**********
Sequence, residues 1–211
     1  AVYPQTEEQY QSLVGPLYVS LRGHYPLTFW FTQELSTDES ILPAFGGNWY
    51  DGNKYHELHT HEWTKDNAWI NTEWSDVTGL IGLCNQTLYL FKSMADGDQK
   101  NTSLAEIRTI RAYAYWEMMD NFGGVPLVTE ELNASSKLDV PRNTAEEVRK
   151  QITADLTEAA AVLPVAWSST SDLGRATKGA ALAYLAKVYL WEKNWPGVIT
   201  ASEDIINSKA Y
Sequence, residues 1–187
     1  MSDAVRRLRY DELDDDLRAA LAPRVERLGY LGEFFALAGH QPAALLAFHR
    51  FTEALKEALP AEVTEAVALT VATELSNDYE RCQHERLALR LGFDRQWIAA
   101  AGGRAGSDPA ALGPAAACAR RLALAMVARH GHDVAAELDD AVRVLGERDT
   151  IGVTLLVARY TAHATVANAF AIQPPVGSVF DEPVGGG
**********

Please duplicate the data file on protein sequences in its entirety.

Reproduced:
Sequence, residues 1–211
     1  AVYPQTEEQY QSLVGPLYVS LRGHYPLTFW FTQELSTDES ILPAFGGNWY
    51  DGNKYHELHT HEWTKDNAWI NTEWSDVTGL IGLCNQTLYL FKSMADGDQK
   101  NTSLAEIRTI RAYAYWEMMD NFGGVPLVTE ELNASSKLDV PRNTAEEVRK
   151  QITADLTEAA AVLPVAWSST SDLGRATKGA ALAYLAKVYL WEKNWPGVIT
   201  ASEDIINSKA Y
Sequence, residues 1–187
     1  MSDAVRRLRY DELDDDLRAA LAPRVERLGY LGEFFALAGH QPAALLAFHR
    51  FTEALKEALP AEVTEAVALT VATELSNDYE RCQHERLALR LGFDRQWIAA
   101  AGGRAGSDPA ALGPAAACAR RLALAMVARH GHDVAAELDD AVRVLGERDT
   151  IGVTLLVARY TAHATVANAF AIQPPVGSVF DEPVGGG